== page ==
Wayne Errington
2022 years ago

Ken

Big Brother watches Armadillos, too.

No surprises that the APSA paper isn’t on the web a month after the conference, it’s a university effort, after all. I’ll send a copy to anyone who wants it. Hit the link on my name below.

Alan, I’d love any details you have on what the Yanks get up to with their databases.

Alan
Alan
2022 years ago

Wayne, see Monopoly Politics 2004: Even Less Competition Than in 2002. Congressional redistributions are carried out by the state legislatures almost entirely to the benefit of sitting members. By using voter databases you can gerrymander to your heart’s content while avoiding any hint of malaportionment. The recent Texas redistribution is the classic example although it happens in most US states.

Alan
Alan
2022 years ago

I’d refer you to The Soviet Republic of Texas but that would be blogslutting.

Wayne Errington
Wayne Errington
2022 years ago

Ken

Your analysis of recent electoral history is probably right, but would be difficult to prove. One pointer towards the effectiveness of marginal seats campaigns is that in two of the cases you cite (1990/98), the winner received a minority of the two-party preferred vote. I don’t know of a case where an opposition party has fallen over the line with a TPP minority. Marginal seats campaigns are easier from the treasury benches.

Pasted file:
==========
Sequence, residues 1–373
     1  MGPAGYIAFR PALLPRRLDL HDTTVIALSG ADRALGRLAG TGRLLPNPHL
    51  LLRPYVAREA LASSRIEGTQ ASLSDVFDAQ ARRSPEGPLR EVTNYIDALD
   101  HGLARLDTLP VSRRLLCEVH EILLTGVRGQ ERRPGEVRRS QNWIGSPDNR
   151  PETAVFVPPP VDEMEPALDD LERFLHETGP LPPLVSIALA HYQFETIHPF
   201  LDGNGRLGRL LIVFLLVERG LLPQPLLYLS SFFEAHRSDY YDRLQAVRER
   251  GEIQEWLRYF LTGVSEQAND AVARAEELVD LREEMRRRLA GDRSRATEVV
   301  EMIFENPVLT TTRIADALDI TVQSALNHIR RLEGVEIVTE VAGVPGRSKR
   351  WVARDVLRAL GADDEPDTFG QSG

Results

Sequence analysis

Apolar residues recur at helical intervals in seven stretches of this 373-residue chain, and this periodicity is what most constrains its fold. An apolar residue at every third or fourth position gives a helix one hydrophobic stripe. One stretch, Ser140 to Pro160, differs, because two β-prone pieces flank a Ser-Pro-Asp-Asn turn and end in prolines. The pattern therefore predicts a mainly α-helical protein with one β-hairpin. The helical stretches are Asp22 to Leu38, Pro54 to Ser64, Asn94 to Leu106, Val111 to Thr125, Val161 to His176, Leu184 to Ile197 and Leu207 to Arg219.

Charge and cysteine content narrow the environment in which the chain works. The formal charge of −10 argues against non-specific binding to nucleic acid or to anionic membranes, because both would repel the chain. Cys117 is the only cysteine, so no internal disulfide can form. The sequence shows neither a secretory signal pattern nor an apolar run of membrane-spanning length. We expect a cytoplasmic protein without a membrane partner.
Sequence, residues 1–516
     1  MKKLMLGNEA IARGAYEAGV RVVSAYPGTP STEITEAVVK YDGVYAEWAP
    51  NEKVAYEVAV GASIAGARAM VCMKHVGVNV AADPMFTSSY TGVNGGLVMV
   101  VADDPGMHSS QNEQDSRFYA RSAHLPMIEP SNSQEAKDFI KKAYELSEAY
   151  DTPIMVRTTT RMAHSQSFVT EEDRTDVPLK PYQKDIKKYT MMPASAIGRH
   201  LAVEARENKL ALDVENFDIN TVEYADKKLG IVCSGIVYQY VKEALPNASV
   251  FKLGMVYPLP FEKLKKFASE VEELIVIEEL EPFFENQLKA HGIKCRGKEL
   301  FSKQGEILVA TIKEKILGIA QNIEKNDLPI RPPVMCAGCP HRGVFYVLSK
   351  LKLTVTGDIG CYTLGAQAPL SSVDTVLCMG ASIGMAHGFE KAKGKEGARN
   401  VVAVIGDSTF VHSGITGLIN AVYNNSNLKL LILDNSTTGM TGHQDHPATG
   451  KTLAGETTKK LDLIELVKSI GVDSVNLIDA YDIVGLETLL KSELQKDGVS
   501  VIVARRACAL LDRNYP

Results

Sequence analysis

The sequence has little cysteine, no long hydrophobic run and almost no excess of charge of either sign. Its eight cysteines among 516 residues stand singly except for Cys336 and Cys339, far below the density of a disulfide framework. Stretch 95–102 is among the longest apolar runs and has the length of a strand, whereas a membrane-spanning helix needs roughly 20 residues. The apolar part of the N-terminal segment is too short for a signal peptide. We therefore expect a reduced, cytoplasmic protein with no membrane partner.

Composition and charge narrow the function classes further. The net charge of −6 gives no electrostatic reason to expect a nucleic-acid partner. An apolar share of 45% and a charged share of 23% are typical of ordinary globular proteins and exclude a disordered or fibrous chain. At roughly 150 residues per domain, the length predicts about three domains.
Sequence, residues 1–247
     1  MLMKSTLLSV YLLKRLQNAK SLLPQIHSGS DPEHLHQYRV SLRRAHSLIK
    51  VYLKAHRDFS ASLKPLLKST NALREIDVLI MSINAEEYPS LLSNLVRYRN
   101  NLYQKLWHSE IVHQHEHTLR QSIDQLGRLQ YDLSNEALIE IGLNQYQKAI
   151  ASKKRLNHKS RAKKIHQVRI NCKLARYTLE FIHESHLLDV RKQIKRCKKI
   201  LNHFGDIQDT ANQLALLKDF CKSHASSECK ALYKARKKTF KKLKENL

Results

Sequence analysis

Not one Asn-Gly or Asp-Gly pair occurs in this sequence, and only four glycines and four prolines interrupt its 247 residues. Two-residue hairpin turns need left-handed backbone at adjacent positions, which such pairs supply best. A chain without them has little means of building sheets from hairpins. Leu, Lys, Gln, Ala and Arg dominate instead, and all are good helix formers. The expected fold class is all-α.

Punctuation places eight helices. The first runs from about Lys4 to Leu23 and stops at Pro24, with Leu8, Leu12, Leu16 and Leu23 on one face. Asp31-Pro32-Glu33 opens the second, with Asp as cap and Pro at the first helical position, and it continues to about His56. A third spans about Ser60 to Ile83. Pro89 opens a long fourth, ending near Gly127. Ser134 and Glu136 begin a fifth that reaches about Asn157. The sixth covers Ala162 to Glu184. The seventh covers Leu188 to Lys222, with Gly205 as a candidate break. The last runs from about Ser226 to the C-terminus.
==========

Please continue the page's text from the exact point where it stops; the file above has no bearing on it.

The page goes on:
I like your iceberg analogy, although it invites rejoinders about the fate of the Titanic.

Ken Parish
Ken Parish
2022 years ago

Wayne,

Having now read your full paper, I see that you do indeed argue that it’s easier to maintain a database and make effective use of it from the Treasury benches. You may be correct, but I don’t see logically why that should necessarily be true, especially for federal Labor at present. It holds government in every state and territory, so it DOES enjoy many of the benefits of incumbency. Moreover, and obviously subject to funding constraints, oppositions can just as easily commission opinion polling and telephone canvassing whose results feed into the database, and just as easily conduct doorknocking whose results may also feed into the database.

I take your point that it may be more difficult to get untrained volunteers and candidates (not yet MPs) to understand the importance of recording useful information about voters and then actually do so. However, unless there’s a massive disparity between government and opposition numbers of elected members, the differences in resourcing and professionalism shouldn’t be huge. With the federal Coalition enjoying a margin of 12? seats or so over Labor, it may be that some elected Labor pollies have to maintain database info over a bit of extra territory than their own electorate, but the difference shouldn’t be huge.